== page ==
Most of the prestige wine producers in Europe make a scant number of wines. Of the five First-Growth Bordeaux producers, for example (Chateau Latour, Chateau Lafite-Rothschild, Chateau Margaux, Chateau Haut-Brion, and Mouton-Rothschild) all make only one red wine.

Purists would argue, it is true, that each of the houses has a second label (Latour’s is called Les Forts de Latour), and that some of the houses make a small amount of a white wine (Margaux’s is Pavilion Blanc).

But for all intents and purposes, most major houses make very few wines.

Large, cooperative wineries, on the other hand, make many different kinds of wine and the choices are based on market considerataions, or on what they think the consumer desires. As a result, many of these producers make a vast array of different kinds of wines that vary in quality from good to horrid.

And prices for them these wines are, as you would expect, relatively low.

Many California wine companies also make a wide array of different kinds of wines, and most of them try to cover the spectrum of popular varieties. As a result, literally two dozen major wine companies make all of the following: Cabernet Sauvignon, Merlot, Sauvignon Blanc, Chardonnay, Syrah, Zinfandel, and a handful add in some additional grape varieties.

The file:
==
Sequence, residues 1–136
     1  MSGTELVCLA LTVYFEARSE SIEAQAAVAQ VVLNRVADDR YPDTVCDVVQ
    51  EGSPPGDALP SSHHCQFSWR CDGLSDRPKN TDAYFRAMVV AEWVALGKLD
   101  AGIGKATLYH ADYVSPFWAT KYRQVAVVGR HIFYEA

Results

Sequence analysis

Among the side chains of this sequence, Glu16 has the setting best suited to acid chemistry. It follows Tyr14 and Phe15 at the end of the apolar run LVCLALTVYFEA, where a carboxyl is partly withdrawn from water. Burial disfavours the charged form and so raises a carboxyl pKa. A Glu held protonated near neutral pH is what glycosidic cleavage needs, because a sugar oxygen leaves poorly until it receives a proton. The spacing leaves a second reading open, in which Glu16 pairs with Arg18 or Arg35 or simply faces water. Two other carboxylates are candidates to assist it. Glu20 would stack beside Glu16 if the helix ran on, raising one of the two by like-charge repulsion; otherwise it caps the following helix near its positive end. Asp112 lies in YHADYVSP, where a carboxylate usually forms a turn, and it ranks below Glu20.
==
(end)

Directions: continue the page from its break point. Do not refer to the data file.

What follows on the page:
They produce all these different kinds of wines because their marketing departments direct them to offer a wide array of wine styles – at the same price points — so they can appeal to those retailers and restaurants that want to have a “core” wine list from one company.

Such a strategy simplifies wine buying, allowing the shop or restaurant a chance to have a cross-section of wines, and yet not have to worry about such problems as vintage changes or price changes or the complexity of multiple business relationships.

This “line of wines” strategy is great for retail and restaurant buyers, but not necessarily beneficial for the consumer. In each “line of wines,” there is one wine that usually represents the best value – and consequently, one wine that represents the worst value! And these wines change from producer to producer.

Consumers never compare to determine who made what, so consumers rarely know which wine in a particular line represents the best value in a given vintage.

So although the different types of wine offer a wide choice, unknown to the consumer is which wine is the best value , or, equally important, which is the worst.